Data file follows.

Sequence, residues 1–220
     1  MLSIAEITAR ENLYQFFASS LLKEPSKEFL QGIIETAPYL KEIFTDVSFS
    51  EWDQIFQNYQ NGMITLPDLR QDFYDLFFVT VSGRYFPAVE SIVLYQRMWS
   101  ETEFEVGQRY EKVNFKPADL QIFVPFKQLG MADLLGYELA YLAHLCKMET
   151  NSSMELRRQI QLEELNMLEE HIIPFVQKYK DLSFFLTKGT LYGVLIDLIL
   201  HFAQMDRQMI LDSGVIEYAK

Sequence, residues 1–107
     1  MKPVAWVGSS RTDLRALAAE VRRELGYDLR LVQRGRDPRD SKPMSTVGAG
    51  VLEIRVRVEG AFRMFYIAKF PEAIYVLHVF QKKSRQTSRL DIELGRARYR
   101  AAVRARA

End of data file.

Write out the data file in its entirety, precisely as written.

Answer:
Sequence, residues 1–220
     1  MLSIAEITAR ENLYQFFASS LLKEPSKEFL QGIIETAPYL KEIFTDVSFS
    51  EWDQIFQNYQ NGMITLPDLR QDFYDLFFVT VSGRYFPAVE SIVLYQRMWS
   101  ETEFEVGQRY EKVNFKPADL QIFVPFKQLG MADLLGYELA YLAHLCKMET
   151  NSSMELRRQI QLEELNMLEE HIIPFVQKYK DLSFFLTKGT LYGVLIDLIL
   201  HFAQMDRQMI LDSGVIEYAK

Sequence, residues 1–107
     1  MKPVAWVGSS RTDLRALAAE VRRELGYDLR LVQRGRDPRD SKPMSTVGAG
    51  VLEIRVRVEG AFRMFYIAKF PEAIYVLHVF QKKSRQTSRL DIELGRARYR
   101  AAVRARA